Buffalo Bills fans have long known about Josh Allen's "unusual" pregame playlist. And with the team's success garnering it more national attention each week, Allen's playlist has been thrust in the spotlight as well.
A pair of Elvis Presley nuggets, twin gems from the Frank Sinatra canon, an evergreen Sammy Davis Jr. interpretation, and one each from Billy Joel and Paul Anka currently comprise Allen’s musical pregame ritual. When the playlist hit the ether via the Sunday Night Football on NBC Twitter account prior to Sunday’s Bills-Kansas City Chiefs game, the "roast factor" among social media respondents was, unsurprisingly, quite high.
“Bro, this is my grandpas dads playlist…” wrote @MileHigh_Daniel, encapsulating the general feeling among respondents regarding Allen’s apparent predilection for songs recorded decades before he was born.
My QB has an old soul & I'm here for it— Renaissance Man (@Billsfandiehard) October 11, 2021
Other self-appointed arbiters of modernity wondered where all the trap, bro-country and rap-metal nuggets one might commonly assume are employed by mega-athletes to pump themselves up for the game might be hiding.
diggs just posted an instagram story of josh allen in a dead and co shirt, which, given his pregame playlist, implies that the dead is possibly the most modern music he listens to— tf (@seltzermom) October 11, 2021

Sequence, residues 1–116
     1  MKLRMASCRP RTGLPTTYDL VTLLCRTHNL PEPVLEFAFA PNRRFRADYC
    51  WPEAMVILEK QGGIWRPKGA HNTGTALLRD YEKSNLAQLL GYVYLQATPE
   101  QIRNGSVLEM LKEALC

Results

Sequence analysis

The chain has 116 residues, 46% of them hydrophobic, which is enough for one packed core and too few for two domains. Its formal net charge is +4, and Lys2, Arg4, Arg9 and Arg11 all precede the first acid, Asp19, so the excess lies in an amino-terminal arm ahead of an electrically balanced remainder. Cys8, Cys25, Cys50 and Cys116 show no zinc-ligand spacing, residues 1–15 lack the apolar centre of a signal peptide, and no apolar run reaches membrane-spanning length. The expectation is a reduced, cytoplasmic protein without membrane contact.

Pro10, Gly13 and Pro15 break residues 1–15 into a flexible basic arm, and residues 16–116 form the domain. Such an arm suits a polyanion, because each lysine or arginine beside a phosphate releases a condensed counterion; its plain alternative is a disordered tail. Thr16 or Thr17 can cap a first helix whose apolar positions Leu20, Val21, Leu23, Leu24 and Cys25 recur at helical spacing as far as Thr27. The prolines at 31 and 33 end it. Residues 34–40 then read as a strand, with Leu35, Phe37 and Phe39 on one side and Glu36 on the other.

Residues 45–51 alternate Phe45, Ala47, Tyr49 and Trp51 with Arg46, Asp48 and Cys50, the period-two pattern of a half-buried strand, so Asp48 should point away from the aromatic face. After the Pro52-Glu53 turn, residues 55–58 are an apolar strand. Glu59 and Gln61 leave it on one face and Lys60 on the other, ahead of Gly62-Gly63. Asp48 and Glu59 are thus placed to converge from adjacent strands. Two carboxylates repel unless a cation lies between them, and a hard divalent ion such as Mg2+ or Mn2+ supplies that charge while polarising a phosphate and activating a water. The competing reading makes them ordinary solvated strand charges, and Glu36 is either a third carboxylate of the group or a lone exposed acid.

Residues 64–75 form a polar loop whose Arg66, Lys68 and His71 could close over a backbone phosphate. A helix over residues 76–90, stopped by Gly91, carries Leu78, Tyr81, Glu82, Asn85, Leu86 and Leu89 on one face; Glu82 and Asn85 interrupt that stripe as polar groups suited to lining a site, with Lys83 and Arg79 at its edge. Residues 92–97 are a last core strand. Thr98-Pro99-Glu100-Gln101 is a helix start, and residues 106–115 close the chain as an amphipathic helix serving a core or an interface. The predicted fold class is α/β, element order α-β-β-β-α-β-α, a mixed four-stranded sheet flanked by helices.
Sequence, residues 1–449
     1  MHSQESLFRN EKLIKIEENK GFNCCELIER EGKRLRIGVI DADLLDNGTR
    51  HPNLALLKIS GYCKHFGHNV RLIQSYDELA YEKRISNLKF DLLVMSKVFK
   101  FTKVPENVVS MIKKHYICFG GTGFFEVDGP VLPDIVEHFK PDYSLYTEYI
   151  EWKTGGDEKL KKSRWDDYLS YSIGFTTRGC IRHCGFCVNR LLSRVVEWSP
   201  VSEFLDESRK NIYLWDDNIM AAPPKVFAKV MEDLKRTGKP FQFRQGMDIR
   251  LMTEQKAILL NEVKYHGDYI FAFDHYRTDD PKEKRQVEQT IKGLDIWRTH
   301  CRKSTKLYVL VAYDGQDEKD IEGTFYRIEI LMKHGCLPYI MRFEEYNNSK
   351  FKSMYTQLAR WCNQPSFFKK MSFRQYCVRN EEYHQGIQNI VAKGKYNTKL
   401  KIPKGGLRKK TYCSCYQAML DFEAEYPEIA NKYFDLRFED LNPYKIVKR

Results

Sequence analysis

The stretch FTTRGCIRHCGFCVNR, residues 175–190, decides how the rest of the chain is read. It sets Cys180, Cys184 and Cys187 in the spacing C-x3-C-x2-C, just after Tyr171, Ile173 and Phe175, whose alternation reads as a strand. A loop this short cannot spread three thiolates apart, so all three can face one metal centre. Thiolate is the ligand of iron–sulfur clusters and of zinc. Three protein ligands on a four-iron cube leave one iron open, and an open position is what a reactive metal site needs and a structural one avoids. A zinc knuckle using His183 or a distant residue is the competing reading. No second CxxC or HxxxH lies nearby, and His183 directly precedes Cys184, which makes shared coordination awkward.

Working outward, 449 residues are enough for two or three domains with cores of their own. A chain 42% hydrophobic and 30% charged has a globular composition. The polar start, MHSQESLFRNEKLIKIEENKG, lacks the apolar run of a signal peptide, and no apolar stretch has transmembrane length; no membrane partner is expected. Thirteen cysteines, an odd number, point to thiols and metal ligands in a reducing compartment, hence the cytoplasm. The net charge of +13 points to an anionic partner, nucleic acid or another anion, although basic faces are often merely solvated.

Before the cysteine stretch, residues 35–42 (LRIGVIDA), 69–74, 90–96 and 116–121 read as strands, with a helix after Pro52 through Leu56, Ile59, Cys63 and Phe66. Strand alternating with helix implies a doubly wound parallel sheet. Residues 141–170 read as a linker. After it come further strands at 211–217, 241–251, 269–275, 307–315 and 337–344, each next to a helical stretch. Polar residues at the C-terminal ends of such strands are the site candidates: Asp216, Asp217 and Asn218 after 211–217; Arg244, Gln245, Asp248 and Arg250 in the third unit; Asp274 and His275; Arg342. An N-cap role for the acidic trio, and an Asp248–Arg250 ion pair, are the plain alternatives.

Much can be gleaned from his playlist. Allen likes melodies. He has a firm grasp, even if subconsciously, on the fact that “happy” and “sad” share the same ZIP code more often than not. Then again, it might not be all that deep – Allen has claimed publicly that his pregame music is selected based on its calming attributes.
Let’s unpack his picks.
Elvis Presley, “Can’t Help Falling in Love”
When Presley is at his moody, melodramatic best, he is capable of bathing the listener in tear-jerking grandeur. It’s sad, it’s beautiful and it inspires a ruminative attitude in the listener. Perhaps Allen is seeking that kind of headspace, pregame.
Elvis Presley, “She’s Not You”
This is just plain fun, an innocuous, white-washed version of the blues that Presley imbues with a sense of heartbroken urgency. Compared to “Can’t Help Falling in Love,” this one offers a relative pick-me-up.
Billy Joel, “The Stranger”
The song, following its lovely “Humphrey Bogart in raincoat and fedora smoking a cigarette in the rain under a lamppost” intro, moves along on a propulsive groove, and blends what sounds like righteous anger with deep and abiding melancholy. We can ruminate on our ability to know our friends and lovers, and ourselves. Perhaps Allen is thinking of all of this while he listens. Or maybe he just digs the tune.
Frank Sinatra, “That’s Life”
This one makes an awful lot of sense. It sounds upbeat, hopeful and confident. The message? Enjoy the moment.
Paul Anka, “Put Your Head on My Shoulder”
My assumption is that Allen finds the yearning melodicism comforting and settling, a nice contrast to the roar of 70,000 fans lusting for a victory.
Frank Sinatra, “Fly Me to the Moon”
The shifting harmony and indomitable swing groove should heighten the mood of anyone with a pulse. As game time draws near, it’s easy to imagine Allen grabbing some of the confidence that Sinatra’s delivery is dripping with.
Sammy Davis Jr., “The Joker”
This interpretation of an Anthony Newley song by Sammy Davis Jr. – culled from his awesome 1965 album “Sammy’s Back on Broadway” – might seem like an odd choice for a warrior minutes away from entering the arena. Perhaps Allen uses it to hang on to an air of humility and a recognition of the frailty of fate, fame and the human condition in general.
When it comes to famous people sharing their personal musical taste, haters are gonna hate, and roasters are gonna roast. But I’m with @Billsfandiehard’s Twitter post.